One of the biggest concerns of women and men of reproductive age, is whether COVID-19 disease or the vaccine can affect female or male fertility and their chances of conceiving. Available data on the exact effects of COVID-19 on fertility are still scarce but, in this article, we review current evidence available.
How does the COVID-19 infection work?
The COVID-19 virus, known as SARS-CoV-2, is highly infectious, in most cases through coughing, sneezing and talking, or by contact with contaminated objects. The incubation period is between 5.2 days and 12.5 days.
The virus enters human cells through a structure known as the ACE2 receptor. ACE2 receptors are concentrated in certain cell types, tissues, and organs of the body (lungs, bowel, heart, eyes, kidney, brain, etc) and regulate basic functions, including male and female reproductive systems. In women, these include maturation of follicles, production of ovarian hormones, development of eggs, ovulation and endometrial regeneration. In men, ACE2 regulates testicular function, sperm function and may be important for embryo quality. ACE2 receptor is more abundant in male reproductive system than female.
As the COVID-19 virus enters cells by binding to the ACE2 receptor, researchers thought that reproductive cells and/or tissues expressing this receptor are potentially vulnerable to the virus and their functions may be disturbed.
Symptoms of COVID-19
The spectrum of symptoms in COVID-19 infected patients ranges from:
- asymptomatic to mild (flu-like symptoms) in 81% of the cases,
- severe in 14% (hospitalisation and oxygen support),
- critical in 5% (mechanical ventilation),
- with a case fatality rate of 2.3–3%.
Severity of the disease is related to the patient’s age and comorbidities. Patients over 60 years of age with co-morbidities such as diabetes and/or hypertension have the worst prognosis. 1
Impact of COVID-19 on female fertility
The evidence of impact of COVID-19 on eggs is still limited. A study3 described two women who underwent ovarian stimulation and tested positive for SARS-CoV-2 infection by PCR test on the day of egg collection. The viral RNA was not detected in their eggs.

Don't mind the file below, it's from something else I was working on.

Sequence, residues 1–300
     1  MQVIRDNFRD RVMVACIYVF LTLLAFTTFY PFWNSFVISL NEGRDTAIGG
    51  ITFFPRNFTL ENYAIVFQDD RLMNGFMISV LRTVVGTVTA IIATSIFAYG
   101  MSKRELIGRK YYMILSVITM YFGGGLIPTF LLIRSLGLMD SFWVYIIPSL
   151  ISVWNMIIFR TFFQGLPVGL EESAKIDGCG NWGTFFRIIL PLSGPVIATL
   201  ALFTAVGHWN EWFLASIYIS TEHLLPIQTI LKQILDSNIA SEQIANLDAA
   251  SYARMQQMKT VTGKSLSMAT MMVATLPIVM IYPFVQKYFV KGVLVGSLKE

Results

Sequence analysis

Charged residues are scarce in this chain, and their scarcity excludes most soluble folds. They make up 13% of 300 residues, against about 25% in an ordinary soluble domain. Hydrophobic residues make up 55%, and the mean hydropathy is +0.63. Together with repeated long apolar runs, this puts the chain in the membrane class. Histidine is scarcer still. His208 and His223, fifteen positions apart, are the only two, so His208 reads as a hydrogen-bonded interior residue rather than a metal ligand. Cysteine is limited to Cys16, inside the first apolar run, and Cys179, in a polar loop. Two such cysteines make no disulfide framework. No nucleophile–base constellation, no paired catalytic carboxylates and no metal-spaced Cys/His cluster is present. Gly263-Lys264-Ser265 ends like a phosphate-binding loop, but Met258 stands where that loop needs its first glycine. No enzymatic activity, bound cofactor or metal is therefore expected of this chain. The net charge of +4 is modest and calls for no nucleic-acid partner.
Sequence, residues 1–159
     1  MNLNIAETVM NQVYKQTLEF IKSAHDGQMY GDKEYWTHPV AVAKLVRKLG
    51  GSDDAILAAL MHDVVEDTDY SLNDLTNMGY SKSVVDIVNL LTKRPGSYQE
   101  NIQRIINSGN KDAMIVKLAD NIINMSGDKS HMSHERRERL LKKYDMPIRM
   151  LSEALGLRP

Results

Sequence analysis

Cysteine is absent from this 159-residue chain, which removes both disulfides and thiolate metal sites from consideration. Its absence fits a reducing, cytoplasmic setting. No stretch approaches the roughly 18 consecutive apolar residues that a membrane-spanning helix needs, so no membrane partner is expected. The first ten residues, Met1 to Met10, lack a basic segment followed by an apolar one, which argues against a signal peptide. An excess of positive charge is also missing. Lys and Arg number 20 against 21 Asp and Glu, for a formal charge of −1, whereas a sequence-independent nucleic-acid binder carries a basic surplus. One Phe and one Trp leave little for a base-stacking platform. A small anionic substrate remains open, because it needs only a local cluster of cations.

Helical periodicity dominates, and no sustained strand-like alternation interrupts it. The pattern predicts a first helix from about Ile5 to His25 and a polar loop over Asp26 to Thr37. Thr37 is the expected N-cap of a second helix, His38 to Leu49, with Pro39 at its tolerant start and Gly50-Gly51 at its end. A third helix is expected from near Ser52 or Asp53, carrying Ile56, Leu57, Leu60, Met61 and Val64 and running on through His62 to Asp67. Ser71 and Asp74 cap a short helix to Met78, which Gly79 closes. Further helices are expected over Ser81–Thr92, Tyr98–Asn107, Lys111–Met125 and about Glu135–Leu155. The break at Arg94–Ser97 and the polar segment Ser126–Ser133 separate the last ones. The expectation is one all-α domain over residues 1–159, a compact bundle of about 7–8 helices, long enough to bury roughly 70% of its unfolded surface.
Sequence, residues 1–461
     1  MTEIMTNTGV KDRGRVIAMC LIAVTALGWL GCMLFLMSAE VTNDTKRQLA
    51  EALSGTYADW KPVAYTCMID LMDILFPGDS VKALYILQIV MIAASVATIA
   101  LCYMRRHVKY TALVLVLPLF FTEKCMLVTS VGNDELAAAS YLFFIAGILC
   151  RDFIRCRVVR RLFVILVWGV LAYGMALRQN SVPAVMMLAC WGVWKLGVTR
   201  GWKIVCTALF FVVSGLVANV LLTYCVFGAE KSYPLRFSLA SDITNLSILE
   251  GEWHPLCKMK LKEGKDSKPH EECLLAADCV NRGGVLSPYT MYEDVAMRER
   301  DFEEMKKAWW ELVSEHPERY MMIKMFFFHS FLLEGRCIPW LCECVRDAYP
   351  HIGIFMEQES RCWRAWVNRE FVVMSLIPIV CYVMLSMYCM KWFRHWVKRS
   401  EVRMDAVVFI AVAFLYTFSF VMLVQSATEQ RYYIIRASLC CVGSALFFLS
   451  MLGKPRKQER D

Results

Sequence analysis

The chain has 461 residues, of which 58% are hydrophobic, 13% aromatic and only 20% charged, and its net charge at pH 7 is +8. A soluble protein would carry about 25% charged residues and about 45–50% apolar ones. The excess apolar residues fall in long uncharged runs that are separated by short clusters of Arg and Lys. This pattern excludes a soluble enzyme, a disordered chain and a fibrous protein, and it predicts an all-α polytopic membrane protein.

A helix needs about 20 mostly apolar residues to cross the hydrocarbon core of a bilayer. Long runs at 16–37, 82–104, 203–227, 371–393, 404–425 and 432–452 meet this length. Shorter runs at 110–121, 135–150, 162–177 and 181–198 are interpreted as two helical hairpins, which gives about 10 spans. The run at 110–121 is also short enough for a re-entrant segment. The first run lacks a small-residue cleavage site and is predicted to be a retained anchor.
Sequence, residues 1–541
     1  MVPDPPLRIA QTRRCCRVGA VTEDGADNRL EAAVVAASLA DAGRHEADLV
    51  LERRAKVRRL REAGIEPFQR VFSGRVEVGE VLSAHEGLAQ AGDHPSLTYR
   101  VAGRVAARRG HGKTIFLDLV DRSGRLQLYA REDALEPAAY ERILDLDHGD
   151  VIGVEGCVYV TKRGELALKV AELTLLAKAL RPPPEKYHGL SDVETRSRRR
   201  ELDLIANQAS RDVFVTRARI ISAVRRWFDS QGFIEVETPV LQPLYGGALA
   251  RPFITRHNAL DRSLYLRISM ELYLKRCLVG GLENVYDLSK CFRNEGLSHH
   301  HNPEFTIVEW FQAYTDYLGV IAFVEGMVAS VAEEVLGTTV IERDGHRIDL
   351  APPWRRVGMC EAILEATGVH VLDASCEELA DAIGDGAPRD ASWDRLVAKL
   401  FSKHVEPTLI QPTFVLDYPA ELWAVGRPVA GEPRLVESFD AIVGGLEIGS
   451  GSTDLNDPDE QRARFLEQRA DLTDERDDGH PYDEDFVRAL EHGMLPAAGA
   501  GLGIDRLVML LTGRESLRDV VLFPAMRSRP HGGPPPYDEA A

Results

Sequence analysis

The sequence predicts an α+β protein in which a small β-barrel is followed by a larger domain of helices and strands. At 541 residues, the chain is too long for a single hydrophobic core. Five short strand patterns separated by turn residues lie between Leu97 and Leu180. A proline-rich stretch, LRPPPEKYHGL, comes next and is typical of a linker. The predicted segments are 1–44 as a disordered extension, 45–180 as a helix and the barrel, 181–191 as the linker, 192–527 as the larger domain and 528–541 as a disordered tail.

In women, a severe acute illness - like COVID-19 - may alter the hypothalamic-pituitary gonadal (HPG) axis function, decreasing the endogenous production of oestrogens and progesterone. To date, there are no published studies examining the effect of COVID-19 on sex-related hormone levels in female patients.
There is still limited data about the potential impact of COVID-19 on female fertility, especially long term. To our knowledge, at this moment, it seems female gonads and eggs are not affected.
Impact of COVID-19 on male fertility
The impact of COVID-19 on male fertility is more likely than in female fertility. Other viruses, such as hepatitis B, mumps, and HIV can enter the male reproductive system and may impair fertility by causing orchitis (an inflammation of one or both testicles).
A recent study of men with COVID-19 reported that 19% of participants experienced scrotal discomfort, comparable to that with orchitis. Other aspects of the viral infection (fever, inflammation and dysregulation of the HPG axis) may affect testosterone secretion and sperm production. Oxidative stress as a result of COVID-19 could also increase sperm DNA fragmentation.1 However, available data is still scarce and more studies are required to evaluate the impact of SARS-CoV-2 on male fertility, particularly long term.
The impact of COVID-19 on female and male fertility still needs further research. Whilst, at the moment, it seems fertility is not affected by SARS-CoV-2 infection, more information is required about the long term impact on reproductive function.
Written on 19th January 2021
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